Notes: Hirsh learned from Biggio
Former Astros hurler took advice; four Sky Sox named All-Stars
HOUSTON -- Most conversations about the Astros' Craig Biggio, who entered Thursday night's opener of a four-game set with the Rockies three hits away from the magical 3,000 mark, include the words "quiet leadership."
Amend the phrase to "quiet, forceful leadership," as former teammate Jason Hirsh, now a pitcher with the Rockies, learned last season after making it to the big leagues for the first time.
"My second day there, I was a little tardy getting to the field and he was the first person I saw," Hirsh said. "He made sure that I knew what my place was.
"He didn't' take the game for granted. His life is baseball and his kids, and the game is providing for his family. I learned from the way he carried himself, the way he performed on the field. Anybody can take something from him. You don't have to be a ballplayer."
Hirsh, center fielder Willy Taveras and right-handed pitcher Taylor Buchholz, all of whom joined the Rockies in an offseason trade with the Astros, all expressed admiration for Biggio.
Taveras broke into the Majors watching Biggio bat leadoff for the Astros. As a speedy leadoff-type and basestealer, he found a friend in the veteran.
"He pretty much came up to me when I was stealing, because he used to steal bags, too," said Taveras, who said he often marveled at Biggio's ability to sting the first pitch of games, when most players might have needed to see a pitch or two to gain timing. "If he saw something in my lead or if I was doing something wrong, he'd say things that will give me a better chance to steal the base.
"You have to take it the right way. Anytime a veteran player gives you advice, you've got to take it because this game can be tough. To play as long as he has, he's doing something right. As a young player, I heard and I listened and I took advantage of it."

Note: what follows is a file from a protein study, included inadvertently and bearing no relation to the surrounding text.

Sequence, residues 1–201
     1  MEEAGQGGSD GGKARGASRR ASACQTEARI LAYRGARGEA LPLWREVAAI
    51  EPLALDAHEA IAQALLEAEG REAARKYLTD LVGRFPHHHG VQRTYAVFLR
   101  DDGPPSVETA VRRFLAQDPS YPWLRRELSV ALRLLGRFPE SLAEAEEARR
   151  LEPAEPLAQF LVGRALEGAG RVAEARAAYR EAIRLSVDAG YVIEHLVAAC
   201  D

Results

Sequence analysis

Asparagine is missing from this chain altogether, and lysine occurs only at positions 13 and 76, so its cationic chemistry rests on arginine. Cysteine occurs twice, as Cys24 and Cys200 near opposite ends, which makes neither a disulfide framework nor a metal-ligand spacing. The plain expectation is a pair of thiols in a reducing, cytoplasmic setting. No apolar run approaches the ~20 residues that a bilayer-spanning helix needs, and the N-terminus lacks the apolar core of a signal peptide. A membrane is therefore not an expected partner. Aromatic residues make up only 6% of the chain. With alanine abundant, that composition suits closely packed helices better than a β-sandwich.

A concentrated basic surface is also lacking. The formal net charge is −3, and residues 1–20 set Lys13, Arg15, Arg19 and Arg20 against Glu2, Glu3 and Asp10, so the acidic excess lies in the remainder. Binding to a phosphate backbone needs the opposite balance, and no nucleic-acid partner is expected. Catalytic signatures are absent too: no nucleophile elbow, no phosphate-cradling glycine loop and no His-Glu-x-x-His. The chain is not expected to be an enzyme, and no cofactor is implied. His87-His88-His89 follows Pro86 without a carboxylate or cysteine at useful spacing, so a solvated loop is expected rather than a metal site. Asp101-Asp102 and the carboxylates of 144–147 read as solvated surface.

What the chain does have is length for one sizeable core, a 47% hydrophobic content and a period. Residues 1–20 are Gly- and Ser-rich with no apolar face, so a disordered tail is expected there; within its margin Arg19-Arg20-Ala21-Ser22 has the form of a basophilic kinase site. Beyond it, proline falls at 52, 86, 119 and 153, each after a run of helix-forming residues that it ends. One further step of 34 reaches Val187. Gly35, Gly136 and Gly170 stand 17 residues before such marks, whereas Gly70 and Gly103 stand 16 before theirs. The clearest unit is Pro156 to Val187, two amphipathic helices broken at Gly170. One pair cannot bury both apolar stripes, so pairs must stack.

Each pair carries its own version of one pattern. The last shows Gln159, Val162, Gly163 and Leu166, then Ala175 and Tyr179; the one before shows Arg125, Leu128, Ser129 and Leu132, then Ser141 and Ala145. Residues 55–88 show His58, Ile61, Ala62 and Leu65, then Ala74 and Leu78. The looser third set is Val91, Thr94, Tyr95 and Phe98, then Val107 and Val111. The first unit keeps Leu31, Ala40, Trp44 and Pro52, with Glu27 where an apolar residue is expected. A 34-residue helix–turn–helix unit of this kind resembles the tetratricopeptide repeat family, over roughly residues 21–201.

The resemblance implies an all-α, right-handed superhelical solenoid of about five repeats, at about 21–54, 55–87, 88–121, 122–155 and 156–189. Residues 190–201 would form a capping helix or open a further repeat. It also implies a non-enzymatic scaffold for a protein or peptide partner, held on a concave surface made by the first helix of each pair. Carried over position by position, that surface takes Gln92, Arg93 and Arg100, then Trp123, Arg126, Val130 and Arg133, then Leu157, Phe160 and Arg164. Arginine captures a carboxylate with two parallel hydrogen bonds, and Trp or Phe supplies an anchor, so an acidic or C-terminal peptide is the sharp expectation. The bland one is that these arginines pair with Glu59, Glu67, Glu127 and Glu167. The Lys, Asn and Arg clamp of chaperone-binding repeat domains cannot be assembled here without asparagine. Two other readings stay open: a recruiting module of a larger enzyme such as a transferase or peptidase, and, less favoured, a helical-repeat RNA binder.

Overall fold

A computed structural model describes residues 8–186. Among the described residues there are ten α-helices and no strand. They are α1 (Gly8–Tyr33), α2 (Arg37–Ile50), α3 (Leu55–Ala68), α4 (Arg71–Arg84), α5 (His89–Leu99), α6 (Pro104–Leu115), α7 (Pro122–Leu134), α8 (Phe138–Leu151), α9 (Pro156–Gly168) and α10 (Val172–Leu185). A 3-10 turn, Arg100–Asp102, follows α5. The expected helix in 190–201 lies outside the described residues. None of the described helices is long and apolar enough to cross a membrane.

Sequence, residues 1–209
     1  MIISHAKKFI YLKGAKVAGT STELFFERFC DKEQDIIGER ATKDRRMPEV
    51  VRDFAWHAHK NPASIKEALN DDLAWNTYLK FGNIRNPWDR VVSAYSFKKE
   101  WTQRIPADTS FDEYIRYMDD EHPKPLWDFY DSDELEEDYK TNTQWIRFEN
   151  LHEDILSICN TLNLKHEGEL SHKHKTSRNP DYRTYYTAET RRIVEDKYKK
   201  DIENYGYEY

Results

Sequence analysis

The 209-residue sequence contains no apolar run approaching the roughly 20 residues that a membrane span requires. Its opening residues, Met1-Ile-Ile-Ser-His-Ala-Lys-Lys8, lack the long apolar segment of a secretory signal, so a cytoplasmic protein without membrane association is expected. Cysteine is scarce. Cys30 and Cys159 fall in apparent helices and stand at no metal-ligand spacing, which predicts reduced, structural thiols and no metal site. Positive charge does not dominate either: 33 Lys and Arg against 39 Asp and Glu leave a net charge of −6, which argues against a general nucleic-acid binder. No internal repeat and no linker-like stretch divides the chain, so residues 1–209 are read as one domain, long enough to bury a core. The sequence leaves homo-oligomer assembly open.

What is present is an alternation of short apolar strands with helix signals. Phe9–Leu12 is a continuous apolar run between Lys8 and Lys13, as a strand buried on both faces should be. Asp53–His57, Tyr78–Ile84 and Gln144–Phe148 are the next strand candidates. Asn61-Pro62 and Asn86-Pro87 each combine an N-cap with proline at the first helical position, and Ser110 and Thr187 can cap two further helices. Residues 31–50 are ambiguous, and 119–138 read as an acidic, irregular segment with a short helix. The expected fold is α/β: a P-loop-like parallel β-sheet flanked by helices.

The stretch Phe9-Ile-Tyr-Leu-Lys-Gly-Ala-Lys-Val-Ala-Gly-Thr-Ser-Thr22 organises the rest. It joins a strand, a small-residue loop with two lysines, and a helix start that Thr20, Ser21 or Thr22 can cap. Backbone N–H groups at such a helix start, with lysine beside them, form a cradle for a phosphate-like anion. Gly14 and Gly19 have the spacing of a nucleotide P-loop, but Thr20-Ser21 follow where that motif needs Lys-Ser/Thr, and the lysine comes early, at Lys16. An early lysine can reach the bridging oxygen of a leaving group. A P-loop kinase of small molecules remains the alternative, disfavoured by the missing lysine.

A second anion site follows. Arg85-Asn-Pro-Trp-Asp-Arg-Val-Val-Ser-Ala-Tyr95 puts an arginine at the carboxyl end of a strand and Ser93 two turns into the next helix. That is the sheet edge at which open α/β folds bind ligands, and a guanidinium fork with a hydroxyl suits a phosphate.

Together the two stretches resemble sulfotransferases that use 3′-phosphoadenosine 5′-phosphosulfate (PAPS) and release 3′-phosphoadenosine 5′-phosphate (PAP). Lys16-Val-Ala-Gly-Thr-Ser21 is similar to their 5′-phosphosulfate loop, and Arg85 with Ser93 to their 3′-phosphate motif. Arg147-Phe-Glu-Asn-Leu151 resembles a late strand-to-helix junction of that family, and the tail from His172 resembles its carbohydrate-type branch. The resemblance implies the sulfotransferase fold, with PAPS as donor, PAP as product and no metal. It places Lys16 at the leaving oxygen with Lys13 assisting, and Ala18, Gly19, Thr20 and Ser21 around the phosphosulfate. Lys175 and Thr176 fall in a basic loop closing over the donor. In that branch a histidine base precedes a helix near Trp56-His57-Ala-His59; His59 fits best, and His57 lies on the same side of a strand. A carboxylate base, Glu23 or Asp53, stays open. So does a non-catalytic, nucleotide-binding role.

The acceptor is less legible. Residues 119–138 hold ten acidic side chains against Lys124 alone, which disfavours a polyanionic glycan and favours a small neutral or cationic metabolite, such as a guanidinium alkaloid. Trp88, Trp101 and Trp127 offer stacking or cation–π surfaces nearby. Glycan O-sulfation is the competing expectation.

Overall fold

Buchholz said Biggio reached out to younger teammates.
"We'd sit in the back of the bus together, have good conversations, sometimes about baseball, sometimes about other things," Buchholz said. "He's a good leader. He just led by example. Just being able to go out there for so long and just be good at what he's doing, really was amazing."
Stars all around: Four players from Triple-A Colorado Springs, all of whom have had callups to the Majors this season, were named to the Pacific Coast League squad for the Triple-A All-Star Game on July 11 in Albuquerque, N.M. -- infielder Clint Barmes, outfielder Sean Barker and relief pitchers Matt Herges and Ryan Speier.
"We felt like we were going to be athletic, we felt like we were going to have versatility, we felt like we were going to have depth," Rockies manager Clint Hurdle said. "And that hasn't changed."
Hurdle was especially proud of Barmes, once the shortstop of the Rockies' future. He never regained his form in the Majors after suffering a collarbone injury early in the 2005 season, but his .331 batting average for the Sky Sox is an indication that he's turning the corner.
"He has embraced the opportunity to play every day, knowing that's the only way he's going to work through some things," Hurdle said. "He's been consistent. He's played second. He's played short. He's played center. He's at the top of the order.
"He's just playing the game as he did before he got hurt, and I think he's really enjoying himself."
Up next: Rockies right-hander Josh Fogg (3-6, 4.81 ERA) will start the second game of the series against Astros righty Chris Sampson (6-5, 3.71) Friday night at 6:05 p.m. MT.
Thomas Harding is a reporter for MLB.com. This story was not subject to the approval of Major League Baseball or its clubs.